AI Can’t Cure a Flaccid Mind

Many of my classes consist of a large writing component. I’ve designed the courses so that most students write the best paper that they’ll ever write in their life. Recently, I had reason to believe that a student was using AI or a paid service to write their paper. I couldn’t find conclusive evidence that they didn’t write it, but it ended up not mattering much in the end.

Inflation, Information, & Logic

Most economists know that the CPI is overestimated and therefore prefer the PCE price index. However, monthly CPI data is consistently released before PCE data for a given month. One would think that they move in the same direction and be highly correlated. Indeed, in the past five years, the correlation is 0.96. Therefore, it stands to reason that the there is less new relevant information on the PCE release dates than on the CPI release dates. Yes, CPI is biased, but it still contains some information about prices and it is known well prior to the more accurate PCE numbers.

Supply and Demand react to new information. Sometimes the new information changes our expectations about the future, and other times we learn that our beliefs about goods and assets were previously not quite right. So, with new relevant information comes new prices as people update their beliefs and expectations.

Let’s get financial.

The Imperfection of Subgame Perfection

I’ve written previously about Pure Strategy Nash Equilibria (PSNE). They are the set of strategies that players can adopt in equilibrium – with no incentive to change their strategy. Students have an intuition that PSNE aren’t great because some outcomes that they identify depend on players making silly decisions in the past. In jargon, we can say that some PSNE depend on players choosing irrationally in a subgame while still reaching a PSNE.

See the extensive form game (below right). There are two players, each with two strategies per information set, and player two has two information sets. All PSNE will include a strategy for each information set. We can present the same game in normal form in order to make it easier to identify the PSNE (below left).

Player 1 (P1) can choose the row (B or C) and Player 2 (P2) can choose the column. Importantly, whether P1 might want to change his mind depends on P2’s strategy at the decision node in the alternative information set. Therefore, P2 must have two strategies, one per information set.

The four PSNE strategies and payoffs are underlined in the above table and they are noted in red on the below extensive form games. Again, the logic of PSNE states that no player can improve their payoff by changing only their own strategy, given the opposing player’s strategy. After all, a player can control their own strategy, but not that of their opponent. For example, note PSNE II. In the left subgame, P2 chooses M. His payoff would be unchanged if he changed his strategy, given the strategy of P1.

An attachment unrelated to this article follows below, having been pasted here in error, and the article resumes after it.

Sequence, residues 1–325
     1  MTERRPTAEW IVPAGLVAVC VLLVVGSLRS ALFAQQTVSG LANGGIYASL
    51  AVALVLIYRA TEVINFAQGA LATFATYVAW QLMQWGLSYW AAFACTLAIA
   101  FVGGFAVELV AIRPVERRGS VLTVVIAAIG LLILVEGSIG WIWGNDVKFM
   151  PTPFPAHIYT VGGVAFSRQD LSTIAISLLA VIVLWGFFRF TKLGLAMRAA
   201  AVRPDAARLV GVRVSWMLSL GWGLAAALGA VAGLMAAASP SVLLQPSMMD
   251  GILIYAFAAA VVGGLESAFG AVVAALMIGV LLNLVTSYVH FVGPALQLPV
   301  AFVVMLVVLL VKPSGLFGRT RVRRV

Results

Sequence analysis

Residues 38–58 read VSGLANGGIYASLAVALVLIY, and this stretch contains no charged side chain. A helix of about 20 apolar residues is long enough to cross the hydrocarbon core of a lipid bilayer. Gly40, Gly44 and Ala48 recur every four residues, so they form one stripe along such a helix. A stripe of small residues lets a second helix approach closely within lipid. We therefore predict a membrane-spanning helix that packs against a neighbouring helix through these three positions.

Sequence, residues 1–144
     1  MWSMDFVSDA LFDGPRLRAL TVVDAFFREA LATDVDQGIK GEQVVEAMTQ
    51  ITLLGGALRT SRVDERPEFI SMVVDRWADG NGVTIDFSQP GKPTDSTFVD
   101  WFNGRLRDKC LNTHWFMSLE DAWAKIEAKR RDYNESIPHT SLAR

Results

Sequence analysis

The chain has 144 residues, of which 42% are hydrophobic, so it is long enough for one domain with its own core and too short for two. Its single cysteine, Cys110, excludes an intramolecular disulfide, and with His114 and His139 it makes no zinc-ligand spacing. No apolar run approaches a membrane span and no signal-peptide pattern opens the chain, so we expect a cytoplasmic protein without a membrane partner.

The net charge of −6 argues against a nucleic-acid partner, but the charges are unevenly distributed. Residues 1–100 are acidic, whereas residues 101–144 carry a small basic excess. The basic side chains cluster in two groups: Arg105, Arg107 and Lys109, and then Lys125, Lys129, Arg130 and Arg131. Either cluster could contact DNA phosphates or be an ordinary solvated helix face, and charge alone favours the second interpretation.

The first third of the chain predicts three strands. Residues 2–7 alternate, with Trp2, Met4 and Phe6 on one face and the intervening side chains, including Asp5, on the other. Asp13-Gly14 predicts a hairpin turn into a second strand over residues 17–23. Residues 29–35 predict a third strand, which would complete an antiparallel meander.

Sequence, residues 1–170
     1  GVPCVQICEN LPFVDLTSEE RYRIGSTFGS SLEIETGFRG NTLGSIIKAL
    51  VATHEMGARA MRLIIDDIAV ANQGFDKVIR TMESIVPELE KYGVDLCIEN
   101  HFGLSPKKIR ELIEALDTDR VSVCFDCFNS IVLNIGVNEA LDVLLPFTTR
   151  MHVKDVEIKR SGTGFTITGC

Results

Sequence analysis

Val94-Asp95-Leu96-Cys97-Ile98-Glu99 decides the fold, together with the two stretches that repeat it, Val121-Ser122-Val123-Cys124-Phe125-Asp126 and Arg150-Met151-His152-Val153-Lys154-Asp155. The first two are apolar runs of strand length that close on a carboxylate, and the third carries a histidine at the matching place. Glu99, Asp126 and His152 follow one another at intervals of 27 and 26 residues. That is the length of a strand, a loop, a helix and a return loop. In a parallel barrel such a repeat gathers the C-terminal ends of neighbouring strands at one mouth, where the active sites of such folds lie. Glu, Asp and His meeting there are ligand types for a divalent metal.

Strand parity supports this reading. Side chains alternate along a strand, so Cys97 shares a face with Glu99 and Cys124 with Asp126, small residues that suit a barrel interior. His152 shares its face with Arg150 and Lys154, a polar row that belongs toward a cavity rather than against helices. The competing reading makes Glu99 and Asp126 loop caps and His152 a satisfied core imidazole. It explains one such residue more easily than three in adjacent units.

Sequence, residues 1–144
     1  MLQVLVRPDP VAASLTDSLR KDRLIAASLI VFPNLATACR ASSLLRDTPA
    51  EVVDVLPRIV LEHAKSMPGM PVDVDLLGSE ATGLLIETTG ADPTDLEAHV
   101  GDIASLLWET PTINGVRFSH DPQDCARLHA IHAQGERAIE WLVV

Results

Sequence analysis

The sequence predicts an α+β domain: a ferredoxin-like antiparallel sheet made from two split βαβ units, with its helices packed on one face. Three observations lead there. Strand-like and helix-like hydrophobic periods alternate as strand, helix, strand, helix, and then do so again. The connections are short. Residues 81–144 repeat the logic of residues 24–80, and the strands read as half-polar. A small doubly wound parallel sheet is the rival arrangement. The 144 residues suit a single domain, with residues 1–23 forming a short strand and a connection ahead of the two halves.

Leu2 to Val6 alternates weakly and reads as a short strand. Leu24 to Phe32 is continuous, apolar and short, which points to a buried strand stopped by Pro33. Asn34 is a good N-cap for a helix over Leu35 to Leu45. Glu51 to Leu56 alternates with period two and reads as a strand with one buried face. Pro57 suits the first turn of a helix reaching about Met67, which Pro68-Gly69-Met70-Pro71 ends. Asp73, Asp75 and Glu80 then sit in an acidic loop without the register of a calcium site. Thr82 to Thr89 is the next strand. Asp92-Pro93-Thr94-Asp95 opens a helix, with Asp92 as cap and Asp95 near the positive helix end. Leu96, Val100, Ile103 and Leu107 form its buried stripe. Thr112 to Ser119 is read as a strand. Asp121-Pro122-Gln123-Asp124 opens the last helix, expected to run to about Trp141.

The Unimportance of Inflation: Stocks & Flows

One of my specializations in graduate school at George Mason University was monetary theory. It included two classes taught by Larry White who specializes in free-banking, Austrian macroeconomics, and monetary regimes. Separately, my dad was a libertarian and I’ve attended multiple Students for Liberty events. Right now, I’m writing from my hotel room at a Catholic/Crypto conference, where I learned that the deepest trench in Dante’s Inferno includes money debasers.

Everything about my pedigree suggests that I should have a disdain for the Federal Reserve and cast a wistful gaze toward the perpetually falling value of the US dollar. But I don’t. I certainly do have opinions about what the Fed should be doing and how our monetary system could work. But I’m not excited by the long-run depreciation of the dollar.

Let me tell you why.

Learning a little bit of theory is a dangerous thing. Monetary theory is especially hard because we examine the non-good side of the transaction: the medium of exchange. In frantic excitement, enthusiasts often point out that the value of the dollar has lost very much of its value in the past 100 years. They describe that loss by describing the lower quantity of something that a dollar can purchase now versus what it could have purchased historically. That information is incapsulated in the price of a good. The price of a good is the number of dollars that one must exchange in order to purchase the good. Similarly, the price of a dollar is the number of goods that one must give up in order to purchase the dollar.

We can consider a variety of goods. Below is a graph that describes the quantity price of the dollar where the quantities are CPI basket units, gold, and housing. In the 35 years following 1986, a single dollar purchases 60% less of the consumer basket, 74% fewer houses (not quality adjusted), and 76% less gold.

Market Concentration & Inflation

We are living in volatile times. With covid-19, big federal legislation packages, and the Ruso-Ukrainian conflict disruptions to grain, seed oils, and crude oil, relative prices are reflecting sudden drastic ebbs of supply and demand. I want to make a small but enlightening point that I’ve made in my classes, though I’m not sure that I’ve made it here.

Economists often get a bad rap for being heartless or unempathetic. Sometimes, they are painted as ideologues who just disguise their pre-existing opinions in painfully specific terminology and statistics. Let’s do a litmus test.

Consider two alternative markets. One is a perfect monopoly, the other has perfect competition. All details concerning marginal costs to firms and marginal benefits to consumers are the same. In an erratic world, which market structure will result in greater price volatility for consumers? Try to answer for yourself before you read below. More importantly, what’s your reasoning?